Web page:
They're owned by a holding company in Florida that also owns the far larger/healthier Seminole RR. So I doubt there's anything relative Wattupa stability and this Tresca thing are going to do to keep their owners from throwing in the towel and liquidating sooner or later. They're too tiny and remote a business unit to retain when Seminole has such higher upside. I seriously doubt they'll be around in 5 years. The GAF plant is so rundown it's basically unusable, so whoever buys the property is probably just going to knock it down and build commercial there. The 70,000 sq. ft. GAF warehouse at the end of the line is a decent prospect if that ever gets rented out to an interested rail tenant. But how are they going to attract a new rail tenant when they don't even have a sales staff? And only 3 operating locomotives spread across 2 lines 30 miles apart. There's no way up with their present scale.

Mass Coastal will happily buy them out on the Wattupa when the home office in Florida decides to shut down the BCLR unit. And now that MassDOT owns the Framingham Secondary if Tresca needs business assistance to get optimal local deliveries instead of trucking from Walpole or Framingham the state now has the wherewithal to install a team track at Medfield Jct. near one of the dirt patches accessible off W. Mill St. or Ice House Rd. and square things with CSX to keep deliveries going if the Environmental Dr. loading area is no longer an option. There's no service that BCLR provides that can't be 100% absorbed by another willing partner, so we're basically just waiting until the absentee owners see liquidation and consolidation as the bigger cost-benefit than continuing to operate.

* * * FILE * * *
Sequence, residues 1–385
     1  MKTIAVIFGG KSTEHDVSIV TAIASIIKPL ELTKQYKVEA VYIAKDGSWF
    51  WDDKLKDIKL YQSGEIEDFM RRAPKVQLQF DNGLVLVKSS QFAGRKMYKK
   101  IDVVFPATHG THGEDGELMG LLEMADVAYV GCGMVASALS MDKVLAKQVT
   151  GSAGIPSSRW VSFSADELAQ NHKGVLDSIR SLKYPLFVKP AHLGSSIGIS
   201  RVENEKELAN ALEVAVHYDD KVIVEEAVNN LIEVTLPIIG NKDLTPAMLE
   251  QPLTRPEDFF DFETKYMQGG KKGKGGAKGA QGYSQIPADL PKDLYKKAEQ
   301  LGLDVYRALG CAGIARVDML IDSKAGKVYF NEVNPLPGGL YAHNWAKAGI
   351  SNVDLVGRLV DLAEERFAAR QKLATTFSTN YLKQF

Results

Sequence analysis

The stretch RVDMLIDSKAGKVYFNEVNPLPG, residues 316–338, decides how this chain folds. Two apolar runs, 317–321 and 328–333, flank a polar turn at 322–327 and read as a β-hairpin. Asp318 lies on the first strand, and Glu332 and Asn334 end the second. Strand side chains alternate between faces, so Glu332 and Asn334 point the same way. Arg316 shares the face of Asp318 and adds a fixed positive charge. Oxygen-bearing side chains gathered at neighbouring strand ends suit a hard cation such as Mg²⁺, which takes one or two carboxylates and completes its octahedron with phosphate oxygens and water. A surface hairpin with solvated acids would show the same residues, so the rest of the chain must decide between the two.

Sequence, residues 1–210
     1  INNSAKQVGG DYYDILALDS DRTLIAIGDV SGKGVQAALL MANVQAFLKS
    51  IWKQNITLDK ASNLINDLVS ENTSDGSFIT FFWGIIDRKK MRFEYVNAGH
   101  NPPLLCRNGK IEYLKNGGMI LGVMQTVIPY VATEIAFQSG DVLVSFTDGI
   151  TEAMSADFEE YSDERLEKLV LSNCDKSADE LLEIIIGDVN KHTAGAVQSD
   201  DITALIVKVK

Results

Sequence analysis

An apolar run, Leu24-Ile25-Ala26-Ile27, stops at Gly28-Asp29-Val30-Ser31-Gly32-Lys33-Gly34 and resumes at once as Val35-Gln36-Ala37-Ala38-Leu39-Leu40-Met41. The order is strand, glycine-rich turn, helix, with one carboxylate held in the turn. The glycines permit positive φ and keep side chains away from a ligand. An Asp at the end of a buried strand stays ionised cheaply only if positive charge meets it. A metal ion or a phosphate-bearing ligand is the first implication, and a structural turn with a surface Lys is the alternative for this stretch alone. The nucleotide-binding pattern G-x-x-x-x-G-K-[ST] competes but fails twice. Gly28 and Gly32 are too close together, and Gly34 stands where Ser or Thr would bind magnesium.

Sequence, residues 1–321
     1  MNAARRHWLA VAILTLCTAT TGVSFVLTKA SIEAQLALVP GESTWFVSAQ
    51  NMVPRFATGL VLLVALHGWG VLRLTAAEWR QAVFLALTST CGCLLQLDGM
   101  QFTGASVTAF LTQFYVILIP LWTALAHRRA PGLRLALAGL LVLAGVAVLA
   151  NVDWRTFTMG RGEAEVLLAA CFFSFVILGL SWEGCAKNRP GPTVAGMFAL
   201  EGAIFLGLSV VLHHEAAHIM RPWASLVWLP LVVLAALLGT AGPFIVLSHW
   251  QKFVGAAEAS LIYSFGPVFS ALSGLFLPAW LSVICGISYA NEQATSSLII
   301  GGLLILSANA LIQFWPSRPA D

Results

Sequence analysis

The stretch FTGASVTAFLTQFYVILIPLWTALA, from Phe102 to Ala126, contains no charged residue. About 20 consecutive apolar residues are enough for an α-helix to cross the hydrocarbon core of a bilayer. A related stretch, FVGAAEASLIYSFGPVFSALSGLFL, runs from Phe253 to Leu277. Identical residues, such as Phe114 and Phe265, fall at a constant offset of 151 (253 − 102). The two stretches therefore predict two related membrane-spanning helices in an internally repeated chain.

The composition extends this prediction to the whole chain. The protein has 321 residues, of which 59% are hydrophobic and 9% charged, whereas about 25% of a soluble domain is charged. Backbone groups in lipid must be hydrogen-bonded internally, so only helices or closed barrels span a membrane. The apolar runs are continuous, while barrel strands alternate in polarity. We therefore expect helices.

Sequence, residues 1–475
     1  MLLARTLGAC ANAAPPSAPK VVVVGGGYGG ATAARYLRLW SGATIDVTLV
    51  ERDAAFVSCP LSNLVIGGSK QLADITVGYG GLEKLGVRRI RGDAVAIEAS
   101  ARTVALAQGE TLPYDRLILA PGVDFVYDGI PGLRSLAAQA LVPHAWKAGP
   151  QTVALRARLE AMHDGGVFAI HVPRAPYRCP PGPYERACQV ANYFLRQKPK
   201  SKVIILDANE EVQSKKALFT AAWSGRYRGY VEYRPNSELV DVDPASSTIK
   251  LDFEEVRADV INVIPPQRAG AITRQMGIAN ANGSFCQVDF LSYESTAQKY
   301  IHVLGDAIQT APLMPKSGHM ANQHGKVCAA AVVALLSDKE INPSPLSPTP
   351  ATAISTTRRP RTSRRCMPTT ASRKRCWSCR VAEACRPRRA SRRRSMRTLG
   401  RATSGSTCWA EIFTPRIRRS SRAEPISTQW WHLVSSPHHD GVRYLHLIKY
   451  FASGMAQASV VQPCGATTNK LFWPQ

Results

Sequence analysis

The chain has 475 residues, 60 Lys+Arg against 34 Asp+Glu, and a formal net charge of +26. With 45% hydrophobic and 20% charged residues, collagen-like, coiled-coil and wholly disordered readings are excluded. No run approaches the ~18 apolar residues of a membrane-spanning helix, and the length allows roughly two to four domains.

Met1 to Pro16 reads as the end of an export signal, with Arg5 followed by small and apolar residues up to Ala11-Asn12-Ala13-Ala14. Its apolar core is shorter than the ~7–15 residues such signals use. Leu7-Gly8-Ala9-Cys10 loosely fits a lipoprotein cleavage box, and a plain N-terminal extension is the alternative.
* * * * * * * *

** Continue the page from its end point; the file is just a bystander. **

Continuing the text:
It really is amazing how many route miles died under their watch entirely in the post-Staggers Act era. They were overachievers at anti-overachieving.

GP40MC1118
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Re: Bay Colony Millis Line

Post by GP40MC1118 »

As far as the Watuppa Branch goes, please don't heap this on BCLR. Conrail
and CSX did little MW or went after traffic. CSX finally bailed when the track
got so bad, they had had it (prompted by the infamous derailment between
Hixville Rd and Faunce Corner Rd). Don't discount the benign neglect by
the Class I's in most of SE Mass. BCLR proceeded to fix up the line little by little
and at least stabilzed that aspect of it.

Colonial Beverage bought out JJ Taylor and consolidated operations in the
JJ Taylor warehouse, but traffic continued to dwindle. Both JJT and Colonial